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Back Environment The News Shortfalls in the UK Air Quality Plan - Ecological Consultancy, EPR

Shortfalls in the UK Air Quality Plan - Ecological Consultancy, EPR

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Last week the UK government released its long-awaited draft Air Quality plan to tackle air pollution.

Ben Kite, Managing Director of EPR, an ecological consultancy that works on behalf of developers and planners throughout the UK, has drawn attention to shortfalls in the ability of the paper to deliver a robust framework that meets both development and ecological needs.

Please do not hesitate to get in contact if you would like a conversation with Ben for further comments.

Ben Kite, Managing Director of ecological consultancy, EPR, said:

"The economy’s reliance on fossil fuels is well documented, as is the impact of air pollution on human health, well-being and the environment. This latest strategy rightly focuses on the level of traffic-related emissions in towns and cities, where air pollution poses the greatest public health risk. However, there are only brief references to impacts in other areas and on the natural environment. Aside from fairly broad references to proposed future legislation, and headline incentives to improve vehicle emissions standards, there is little sign that enough thought has been invested in determining how to ensure that pollution is not simply displaced to other areas not currently targeted for air quality management.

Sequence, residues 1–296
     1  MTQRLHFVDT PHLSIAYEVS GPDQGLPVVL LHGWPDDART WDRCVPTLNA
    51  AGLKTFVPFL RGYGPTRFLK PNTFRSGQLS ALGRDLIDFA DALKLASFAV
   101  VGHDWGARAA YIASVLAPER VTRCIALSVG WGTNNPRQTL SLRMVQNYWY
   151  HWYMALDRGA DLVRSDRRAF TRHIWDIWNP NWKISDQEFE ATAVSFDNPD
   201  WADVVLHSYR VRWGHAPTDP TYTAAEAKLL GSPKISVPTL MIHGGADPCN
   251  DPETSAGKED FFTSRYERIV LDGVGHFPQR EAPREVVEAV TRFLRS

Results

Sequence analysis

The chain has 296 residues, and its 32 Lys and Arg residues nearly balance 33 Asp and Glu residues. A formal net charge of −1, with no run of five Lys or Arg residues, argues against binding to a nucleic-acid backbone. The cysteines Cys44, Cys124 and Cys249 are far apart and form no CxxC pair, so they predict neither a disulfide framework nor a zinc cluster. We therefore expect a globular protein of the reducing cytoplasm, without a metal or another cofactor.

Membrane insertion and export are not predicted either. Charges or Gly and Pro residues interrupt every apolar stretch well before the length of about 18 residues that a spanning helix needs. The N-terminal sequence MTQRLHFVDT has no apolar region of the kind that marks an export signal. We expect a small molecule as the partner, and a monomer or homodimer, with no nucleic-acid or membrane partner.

In my view this strategy could have gone further, and sought to make better use of the land-use planning system in general as a tool to tackle air pollution in a more holistic sense. Much of the burden for delivering action is also placed onto individual Local Authorities, risking a disjointed and inconsistent approach across and between different areas. There is very little new guidance for planners and environmental practitioners, as to how plans to reduce air quality impacts can be implemented in practice, on a local level, given the complex difficulties. In view, for example, of the recent High Court case quashing housing provisions set out by Lewes District Council and the South Downs National Park Authority due to inadequate consideration of potential in-combination effects on a protected area elsewhere in Wealden District, this could be leaving a lot to chance”